Riggins stares at the barrier, planning how to get over it. I was able to secure the barrier higher after this picture was taken. (Photo by Wendy Newell)

When I had tiny little Chloe, a small member of the pack, in the backseat, the barrier worked great for her. The sweet bundle of fur would much prefer to ride on my lap, but was unable to navigate up and over the barrier. It also stopped the big dogs with the seat belt tethers from putting their heads on the armrest and licking my arm — which happens more than you would expect.

Dogster scorecard

Quality: Kurgo’s quality is always something you can count on.
Style: The basic color of the products can blend in with any car interior.
Function: When used as a tool against driver distraction, the seat belt tether and zip line do what they should: keep the pups away from the driver. The barrier works with small dogs or when used in conjunction with one of the other two products. On its own with large dogs, it hinders more than helps.
Creativity: These are similar to other products on the market, although I’ve always liked the Kurgo brand for its quality and customer service.
Value: At $13 for the Direct to Seat Belt Tether and $25 for the Auto Zip Line-Leash/Zip Line Combo, these are good solutions for improving driving safety. The $45 Backseat Barrier is worth it if you have the right dog and car for the product to work well.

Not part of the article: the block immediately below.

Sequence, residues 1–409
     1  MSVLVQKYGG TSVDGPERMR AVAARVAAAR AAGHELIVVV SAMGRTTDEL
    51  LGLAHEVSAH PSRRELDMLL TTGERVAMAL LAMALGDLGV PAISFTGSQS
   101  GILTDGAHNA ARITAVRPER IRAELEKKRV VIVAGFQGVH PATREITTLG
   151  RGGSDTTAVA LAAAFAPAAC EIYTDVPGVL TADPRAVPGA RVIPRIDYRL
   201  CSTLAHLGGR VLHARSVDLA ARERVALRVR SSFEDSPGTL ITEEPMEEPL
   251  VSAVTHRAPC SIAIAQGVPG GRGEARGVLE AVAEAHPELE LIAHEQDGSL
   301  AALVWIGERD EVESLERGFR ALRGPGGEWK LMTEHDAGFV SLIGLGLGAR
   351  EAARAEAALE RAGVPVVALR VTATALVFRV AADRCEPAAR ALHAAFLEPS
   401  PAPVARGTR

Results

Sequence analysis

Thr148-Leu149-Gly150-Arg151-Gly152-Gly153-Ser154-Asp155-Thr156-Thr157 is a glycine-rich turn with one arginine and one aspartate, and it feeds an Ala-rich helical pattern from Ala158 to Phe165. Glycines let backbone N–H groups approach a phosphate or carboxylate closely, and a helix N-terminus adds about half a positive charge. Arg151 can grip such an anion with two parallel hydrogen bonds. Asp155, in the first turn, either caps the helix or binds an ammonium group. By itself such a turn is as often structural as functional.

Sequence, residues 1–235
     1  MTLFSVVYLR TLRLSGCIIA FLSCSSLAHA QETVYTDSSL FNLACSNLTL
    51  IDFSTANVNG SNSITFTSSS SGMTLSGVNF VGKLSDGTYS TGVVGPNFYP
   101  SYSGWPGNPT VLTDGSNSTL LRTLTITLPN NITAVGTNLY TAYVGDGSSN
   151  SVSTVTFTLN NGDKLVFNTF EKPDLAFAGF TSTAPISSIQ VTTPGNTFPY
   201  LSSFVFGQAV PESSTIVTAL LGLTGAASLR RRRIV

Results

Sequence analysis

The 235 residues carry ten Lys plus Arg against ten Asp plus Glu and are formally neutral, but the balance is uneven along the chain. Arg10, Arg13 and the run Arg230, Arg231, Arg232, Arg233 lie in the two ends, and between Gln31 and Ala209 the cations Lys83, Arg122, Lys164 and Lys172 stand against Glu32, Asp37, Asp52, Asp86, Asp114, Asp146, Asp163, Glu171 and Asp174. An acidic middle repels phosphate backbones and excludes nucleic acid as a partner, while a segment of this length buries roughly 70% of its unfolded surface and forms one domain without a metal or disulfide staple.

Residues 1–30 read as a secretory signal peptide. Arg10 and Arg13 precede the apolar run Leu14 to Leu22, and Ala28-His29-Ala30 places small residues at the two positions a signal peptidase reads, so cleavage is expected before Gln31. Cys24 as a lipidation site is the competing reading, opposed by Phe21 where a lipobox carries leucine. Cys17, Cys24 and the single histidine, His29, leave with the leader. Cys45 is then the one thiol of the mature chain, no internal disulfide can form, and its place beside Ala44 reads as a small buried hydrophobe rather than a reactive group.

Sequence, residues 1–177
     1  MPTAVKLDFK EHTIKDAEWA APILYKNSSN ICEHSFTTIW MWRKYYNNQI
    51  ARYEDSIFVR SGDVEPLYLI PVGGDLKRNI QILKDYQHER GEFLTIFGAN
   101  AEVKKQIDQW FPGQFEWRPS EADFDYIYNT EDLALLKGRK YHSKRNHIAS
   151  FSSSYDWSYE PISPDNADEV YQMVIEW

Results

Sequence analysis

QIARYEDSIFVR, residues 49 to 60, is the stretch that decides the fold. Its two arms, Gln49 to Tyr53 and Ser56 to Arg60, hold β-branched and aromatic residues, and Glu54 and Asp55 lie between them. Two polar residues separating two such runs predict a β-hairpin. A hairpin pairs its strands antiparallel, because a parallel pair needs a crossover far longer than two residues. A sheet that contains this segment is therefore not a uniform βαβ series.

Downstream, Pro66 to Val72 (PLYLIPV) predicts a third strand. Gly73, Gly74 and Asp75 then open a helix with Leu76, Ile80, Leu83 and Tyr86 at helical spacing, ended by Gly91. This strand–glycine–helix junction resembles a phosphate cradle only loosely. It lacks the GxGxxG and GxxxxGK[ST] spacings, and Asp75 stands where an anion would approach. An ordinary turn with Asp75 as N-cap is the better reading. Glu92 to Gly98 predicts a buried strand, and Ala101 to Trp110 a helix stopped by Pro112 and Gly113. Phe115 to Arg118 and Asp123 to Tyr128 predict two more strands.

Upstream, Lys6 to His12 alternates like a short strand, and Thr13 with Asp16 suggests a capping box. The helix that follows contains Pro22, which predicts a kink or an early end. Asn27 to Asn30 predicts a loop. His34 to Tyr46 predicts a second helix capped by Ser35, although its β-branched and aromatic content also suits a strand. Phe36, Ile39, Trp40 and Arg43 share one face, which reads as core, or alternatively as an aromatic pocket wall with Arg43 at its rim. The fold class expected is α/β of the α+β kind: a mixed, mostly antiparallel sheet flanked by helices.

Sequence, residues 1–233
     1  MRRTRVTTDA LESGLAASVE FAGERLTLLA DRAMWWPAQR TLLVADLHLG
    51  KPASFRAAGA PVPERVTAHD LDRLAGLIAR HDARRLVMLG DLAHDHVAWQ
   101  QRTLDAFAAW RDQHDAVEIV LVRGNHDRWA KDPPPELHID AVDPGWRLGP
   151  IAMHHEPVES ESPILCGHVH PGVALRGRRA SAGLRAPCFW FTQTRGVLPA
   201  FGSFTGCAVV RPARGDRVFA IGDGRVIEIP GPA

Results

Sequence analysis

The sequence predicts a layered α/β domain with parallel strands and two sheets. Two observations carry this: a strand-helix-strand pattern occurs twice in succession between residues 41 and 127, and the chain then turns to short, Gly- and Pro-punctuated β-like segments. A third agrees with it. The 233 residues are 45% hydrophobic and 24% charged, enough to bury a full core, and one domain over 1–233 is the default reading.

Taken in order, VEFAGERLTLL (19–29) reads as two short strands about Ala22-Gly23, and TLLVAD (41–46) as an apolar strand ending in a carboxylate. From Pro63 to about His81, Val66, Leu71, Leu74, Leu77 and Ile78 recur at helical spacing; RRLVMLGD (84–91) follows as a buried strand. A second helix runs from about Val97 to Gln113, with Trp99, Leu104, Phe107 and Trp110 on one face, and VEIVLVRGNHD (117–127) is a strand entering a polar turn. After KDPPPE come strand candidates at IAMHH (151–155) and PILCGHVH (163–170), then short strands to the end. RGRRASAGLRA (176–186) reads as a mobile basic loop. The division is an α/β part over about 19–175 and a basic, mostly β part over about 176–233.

Bottom line

Keeping the occupants of your vehicle safe starts with the driver being able to focus on the road. Products like these three from Kurgo are worth any amount of money if they keep you from having an accident.

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About the author: Wendy Newell is a former VP of Sales turned Grade A Dog Sitter. After years of stress, she decided to leave the world of “always be closing” to one of tail wags and licks. Wendy’s new career keeps her busy hiking, being a dog chauffeur, picking up poo, sacrificing her bed, and other fur-filled activities. Wendy and her dog, Riggins, take their always-changing pack of pups on adventures throughout the Los Angeles area, where they live together in a cozy, happy home. You can learn more about Wendy, Riggins, and their adventures on Facebook and Instagram.

Source: www.dogster.com